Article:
Tuesday, June 21, 2011

From the vault: First day

Ed: Today's post was originally published on September 5, 2007 on The Kid's first day of kindergarten. Today was his last day of the 3rd grade, so the reflection seemed appropriate. It seems like only yesterday...

I just dropped off The Kid for his first day of kindergarten.

Wait. I need to pause for a moment to process that. It just doesn't seem possible.

Okay. So, as I was saying, I just dropped off The Kid for his first day of kindergarten. We've spent the last week frantically traveling to every Target, Fred Meyer, and Bartell's for miles trying to gather up all the necessary school supplies. (Do you remember being required to bring 24 glue sticks on your first day of school? All the more for the kids to eat, I guess...) And we have been very, very excited to start "real" school. At least up until 11:00 last night, when I walked past The Kid's room wondering how on earth he could still be awake, and heard him crying. "I'm excited, but I'm scared too," he sobbed.

No tears this morning, though (for either of us). He loaded up his camouflage Kermit the Frog back back - complete with faux peace patches "sewn" on - with his lunch, a change of clothes (because there are apparently a lot of accidents the first week of school), and a folder for his homework. Because they do that now: homework in kindergarten.

We got to school and (im)patiently waited for the first bell to ring along with all of the other (im)patient children. (At least I think they were children. They looked a lot like backpacks with legs, but I'm assuming there were heads and faces and arms hidden in there somewhere.) And then finally, when the suspense was almost too much to bear, we were allowed into the building.

The Kid is in the same class as three of his preschool classmates, so the first order of business was finding them and comparing backpacks, lunch boxes, and water bottles. Once that was completed, we set off to find The Kid his cubby and his desk. Then we colored a picture of a picnic basket (to indicate that The Kid brought his own lunch) and a picture of a car (to indicate that The Kid will be picked up by his mommy this afternoon).

And then the adults went about unloading all of the schools supplies. So, as I was mentioning, things have changed a bit since I was in school. For one thing, kindergarten is an all day affair and they've traded naps for homework. For another, "peechees" are now called "folders." And finally: the supplies you send to school with your child on the first day do not actually belong to your child. Instead, everything goes into giant bins for the entire class to share. And some of the supplies struck me as a little odd: two dozen glue sticks, tulip bulbs, 1 yard of clean fabric, clorox wipes, box of kleenex, hand sanitizer, a check for $30. But whatever.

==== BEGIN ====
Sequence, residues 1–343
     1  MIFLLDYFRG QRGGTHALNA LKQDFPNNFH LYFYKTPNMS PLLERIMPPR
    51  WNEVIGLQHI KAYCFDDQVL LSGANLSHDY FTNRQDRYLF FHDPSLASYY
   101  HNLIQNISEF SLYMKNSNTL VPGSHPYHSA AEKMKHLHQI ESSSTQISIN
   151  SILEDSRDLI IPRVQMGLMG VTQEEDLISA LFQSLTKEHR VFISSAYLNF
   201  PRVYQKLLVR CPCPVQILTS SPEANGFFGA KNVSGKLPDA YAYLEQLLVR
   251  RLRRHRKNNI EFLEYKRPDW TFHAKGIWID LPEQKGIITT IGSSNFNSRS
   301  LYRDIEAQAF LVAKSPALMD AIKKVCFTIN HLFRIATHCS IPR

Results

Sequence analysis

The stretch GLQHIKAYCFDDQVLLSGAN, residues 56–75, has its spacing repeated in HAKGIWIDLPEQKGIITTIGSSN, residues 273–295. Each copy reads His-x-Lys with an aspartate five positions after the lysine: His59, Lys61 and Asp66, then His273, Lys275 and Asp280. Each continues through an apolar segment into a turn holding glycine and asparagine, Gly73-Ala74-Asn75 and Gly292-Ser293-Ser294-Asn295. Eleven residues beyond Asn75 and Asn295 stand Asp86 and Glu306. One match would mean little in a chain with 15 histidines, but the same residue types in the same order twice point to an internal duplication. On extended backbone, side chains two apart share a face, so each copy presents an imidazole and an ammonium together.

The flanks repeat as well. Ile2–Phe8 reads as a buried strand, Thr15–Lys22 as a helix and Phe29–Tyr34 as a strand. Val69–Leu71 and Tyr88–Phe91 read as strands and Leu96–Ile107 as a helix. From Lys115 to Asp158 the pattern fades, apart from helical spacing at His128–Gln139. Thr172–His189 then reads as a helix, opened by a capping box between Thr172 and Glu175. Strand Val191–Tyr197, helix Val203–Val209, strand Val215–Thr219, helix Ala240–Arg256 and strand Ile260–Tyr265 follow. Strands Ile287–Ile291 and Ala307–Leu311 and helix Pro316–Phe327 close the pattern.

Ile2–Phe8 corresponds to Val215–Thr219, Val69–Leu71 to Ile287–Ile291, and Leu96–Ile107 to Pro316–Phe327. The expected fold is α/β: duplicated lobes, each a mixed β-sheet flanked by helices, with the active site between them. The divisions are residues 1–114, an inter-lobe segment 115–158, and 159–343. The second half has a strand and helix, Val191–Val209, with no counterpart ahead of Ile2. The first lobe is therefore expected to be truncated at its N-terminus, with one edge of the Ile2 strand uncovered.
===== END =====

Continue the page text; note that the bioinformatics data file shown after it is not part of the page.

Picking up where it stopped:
So as the children colored, the adults began sorting the supplies into the proper bins, clearly labeled in neat block letters. Regular markers in the bin labeled "markers;" white board markers in the bin marked "dry erase;" glue sticks in the bin labeled "shit load o' glue sticks;" and so on.

But uh oh! What's this? There's no bin labeled "elmers glue." Have you seen the bin for the glue? Is it over there? I don't see it. And oh my god! What about the bulbs? There's no bulb bin. Do you know where I should put my bulbs? I don't know where to put my bulbs. SWEET MOTHER OF JESUS, I CAN'T FIND THE BULB BIN!!

And so we wandered the classroom, each parent anxiously clutching a bottle of glue and a bag of bulbs, until eventually we all reached the same conclusion: search as we might, we were not going to find the properly labeled bins we sought. At that point, you would think that one reasonably sane adult would simply pick a clear spot on the counter and create a bulb pile there. Surely the teacher would recognize a pile of bulbs, even without the tidy block-lettered label. But this isn't real life, this is KINDERGARTEN, and you can't just go around creating bulb and glue piles willy nilly. First, you must ask the teacher. And so, one parent finally asked where she'd like the glue and bulbs.

But before he asked? He raised his hand.

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